Early signals shows readers on right track
READER comments and observations are often the very life-blood of this column, so I was delighted recently to receive two emails referring to the ghostly goings-on at the long gone Crowden Station on the Woodhead Line.
I asked if anyone knew the signal man in the photograph we published, and Mark Corry came up with the goods.
“The name of the old signalman who used to wave down the passing trains was Edmund Jellis.
“He is in fact my wife’s great-grandfather. Edmund used to live with his wife (Lydia Jayne Jellis, and their five children in Vale House Cottages). My mother-in-law Elsie Cheal, nee Elsie Wilde, has asked me to drop you a line. If you would be interested in more information?”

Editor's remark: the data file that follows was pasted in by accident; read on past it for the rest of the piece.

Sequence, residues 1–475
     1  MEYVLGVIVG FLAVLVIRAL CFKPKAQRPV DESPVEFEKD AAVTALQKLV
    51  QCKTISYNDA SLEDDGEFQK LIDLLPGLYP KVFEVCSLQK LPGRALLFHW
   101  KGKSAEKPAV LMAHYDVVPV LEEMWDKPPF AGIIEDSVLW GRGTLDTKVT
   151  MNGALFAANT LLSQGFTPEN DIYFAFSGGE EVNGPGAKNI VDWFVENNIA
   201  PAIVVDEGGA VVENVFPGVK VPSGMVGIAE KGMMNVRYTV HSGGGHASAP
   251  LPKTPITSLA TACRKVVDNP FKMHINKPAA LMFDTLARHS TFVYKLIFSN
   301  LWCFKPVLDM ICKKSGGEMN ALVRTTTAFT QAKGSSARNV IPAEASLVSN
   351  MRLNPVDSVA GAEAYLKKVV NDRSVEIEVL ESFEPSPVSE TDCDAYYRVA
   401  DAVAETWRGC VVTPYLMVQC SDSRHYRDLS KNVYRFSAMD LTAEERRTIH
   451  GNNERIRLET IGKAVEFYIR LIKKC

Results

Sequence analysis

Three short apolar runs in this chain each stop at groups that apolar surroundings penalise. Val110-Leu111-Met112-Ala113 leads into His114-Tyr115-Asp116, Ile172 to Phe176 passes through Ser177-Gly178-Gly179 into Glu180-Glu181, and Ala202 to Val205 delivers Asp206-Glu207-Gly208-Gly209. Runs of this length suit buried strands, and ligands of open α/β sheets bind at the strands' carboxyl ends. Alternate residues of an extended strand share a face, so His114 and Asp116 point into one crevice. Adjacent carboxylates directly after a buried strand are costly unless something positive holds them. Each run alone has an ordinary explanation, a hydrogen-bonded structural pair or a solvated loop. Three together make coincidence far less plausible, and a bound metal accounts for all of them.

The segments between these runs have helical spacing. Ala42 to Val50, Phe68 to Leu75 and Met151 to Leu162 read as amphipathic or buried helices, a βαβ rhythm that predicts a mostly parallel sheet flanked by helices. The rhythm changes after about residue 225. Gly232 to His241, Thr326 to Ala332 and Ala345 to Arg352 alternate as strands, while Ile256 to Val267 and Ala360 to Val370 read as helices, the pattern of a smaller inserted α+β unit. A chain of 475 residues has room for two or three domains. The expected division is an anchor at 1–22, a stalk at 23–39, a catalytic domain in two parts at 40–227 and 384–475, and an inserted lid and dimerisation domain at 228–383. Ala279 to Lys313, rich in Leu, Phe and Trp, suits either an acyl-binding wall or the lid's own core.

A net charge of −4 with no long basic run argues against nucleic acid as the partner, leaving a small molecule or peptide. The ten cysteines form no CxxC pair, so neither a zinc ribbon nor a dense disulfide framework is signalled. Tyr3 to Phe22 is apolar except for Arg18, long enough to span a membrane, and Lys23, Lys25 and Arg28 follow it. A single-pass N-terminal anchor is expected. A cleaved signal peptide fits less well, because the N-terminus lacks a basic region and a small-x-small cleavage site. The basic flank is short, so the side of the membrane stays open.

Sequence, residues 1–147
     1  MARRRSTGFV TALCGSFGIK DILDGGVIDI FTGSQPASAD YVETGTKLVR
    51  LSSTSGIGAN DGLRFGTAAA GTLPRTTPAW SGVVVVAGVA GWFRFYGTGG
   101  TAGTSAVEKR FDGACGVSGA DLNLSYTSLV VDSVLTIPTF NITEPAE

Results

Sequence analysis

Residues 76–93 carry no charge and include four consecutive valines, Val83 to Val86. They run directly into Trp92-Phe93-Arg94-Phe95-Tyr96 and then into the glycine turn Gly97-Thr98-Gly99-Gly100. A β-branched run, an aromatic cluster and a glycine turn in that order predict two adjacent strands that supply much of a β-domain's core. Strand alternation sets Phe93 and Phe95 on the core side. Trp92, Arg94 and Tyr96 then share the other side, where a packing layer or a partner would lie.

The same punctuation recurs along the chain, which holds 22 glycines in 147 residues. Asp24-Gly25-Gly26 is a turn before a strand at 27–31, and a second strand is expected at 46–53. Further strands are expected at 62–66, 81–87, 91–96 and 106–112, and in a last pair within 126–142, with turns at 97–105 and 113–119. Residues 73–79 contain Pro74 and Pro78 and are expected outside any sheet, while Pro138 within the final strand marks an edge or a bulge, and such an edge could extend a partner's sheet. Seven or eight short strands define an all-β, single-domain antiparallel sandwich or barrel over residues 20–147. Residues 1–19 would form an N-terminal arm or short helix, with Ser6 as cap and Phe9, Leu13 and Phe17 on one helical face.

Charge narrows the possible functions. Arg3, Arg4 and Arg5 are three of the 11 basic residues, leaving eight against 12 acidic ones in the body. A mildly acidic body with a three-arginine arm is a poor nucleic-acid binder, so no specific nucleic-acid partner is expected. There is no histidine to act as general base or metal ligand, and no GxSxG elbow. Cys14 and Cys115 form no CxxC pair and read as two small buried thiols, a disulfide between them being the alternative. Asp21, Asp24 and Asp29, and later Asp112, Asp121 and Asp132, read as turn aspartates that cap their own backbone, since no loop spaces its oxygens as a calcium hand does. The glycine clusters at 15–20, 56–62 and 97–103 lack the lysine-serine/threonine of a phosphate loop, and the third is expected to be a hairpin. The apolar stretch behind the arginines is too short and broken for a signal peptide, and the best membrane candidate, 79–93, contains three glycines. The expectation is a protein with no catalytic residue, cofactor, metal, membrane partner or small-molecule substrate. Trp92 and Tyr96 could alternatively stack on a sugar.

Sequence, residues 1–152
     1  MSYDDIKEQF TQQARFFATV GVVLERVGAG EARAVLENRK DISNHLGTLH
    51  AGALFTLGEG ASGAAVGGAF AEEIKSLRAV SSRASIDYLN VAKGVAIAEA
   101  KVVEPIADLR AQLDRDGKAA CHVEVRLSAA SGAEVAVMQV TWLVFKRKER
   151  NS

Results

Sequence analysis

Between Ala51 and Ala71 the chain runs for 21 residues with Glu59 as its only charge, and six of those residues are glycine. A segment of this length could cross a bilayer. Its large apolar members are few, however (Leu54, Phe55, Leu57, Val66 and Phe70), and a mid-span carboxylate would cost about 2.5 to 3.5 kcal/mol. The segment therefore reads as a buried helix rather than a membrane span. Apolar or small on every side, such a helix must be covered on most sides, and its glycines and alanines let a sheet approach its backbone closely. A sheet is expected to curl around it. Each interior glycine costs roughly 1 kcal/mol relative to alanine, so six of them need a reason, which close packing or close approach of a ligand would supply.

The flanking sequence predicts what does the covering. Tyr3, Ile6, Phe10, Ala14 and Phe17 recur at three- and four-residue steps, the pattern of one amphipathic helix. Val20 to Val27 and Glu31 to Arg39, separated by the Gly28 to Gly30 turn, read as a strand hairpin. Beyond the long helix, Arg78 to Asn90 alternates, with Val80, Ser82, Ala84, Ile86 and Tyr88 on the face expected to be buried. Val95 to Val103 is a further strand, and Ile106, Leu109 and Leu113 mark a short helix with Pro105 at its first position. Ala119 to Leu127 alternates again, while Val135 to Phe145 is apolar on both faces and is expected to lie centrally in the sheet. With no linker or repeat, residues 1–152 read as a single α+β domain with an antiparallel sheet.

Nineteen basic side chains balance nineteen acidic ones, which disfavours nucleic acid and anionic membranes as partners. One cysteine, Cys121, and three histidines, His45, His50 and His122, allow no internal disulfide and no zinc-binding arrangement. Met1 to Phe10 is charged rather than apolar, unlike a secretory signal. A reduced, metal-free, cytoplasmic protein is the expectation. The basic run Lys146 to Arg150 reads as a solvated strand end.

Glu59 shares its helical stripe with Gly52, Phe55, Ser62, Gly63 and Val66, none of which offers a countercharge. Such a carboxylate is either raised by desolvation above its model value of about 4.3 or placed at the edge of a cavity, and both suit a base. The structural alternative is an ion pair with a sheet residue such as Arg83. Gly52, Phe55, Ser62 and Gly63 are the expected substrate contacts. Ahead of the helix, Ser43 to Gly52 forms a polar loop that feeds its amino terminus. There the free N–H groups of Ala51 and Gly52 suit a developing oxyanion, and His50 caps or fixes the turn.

‘Yes please’, was my obvious answer, as I try to put a few more pieces into the jigsaw that is life in the Valley.
Apart from emails, several people stopped me in Glossop to share their memories of John Davies, who lived all his life in the Railway Cottages at Crowden.
I wish I had written down all the stories he told me, but if I mention them here you never know who may produce another piece for the jigsaw: prisoners of war, digging tunnels in the deep snow after the war, the landlord of the George and Dragon sneaking
●● John Davies, who lived all his life in the Railway Cottages at Crowden them a welcome glass of beer, snow and ice so thick that John Davies could walk from his house (Pic by Bill Johnson)
The Laughing Badger Gallery, 99 Platt Street, Padfield, Glossop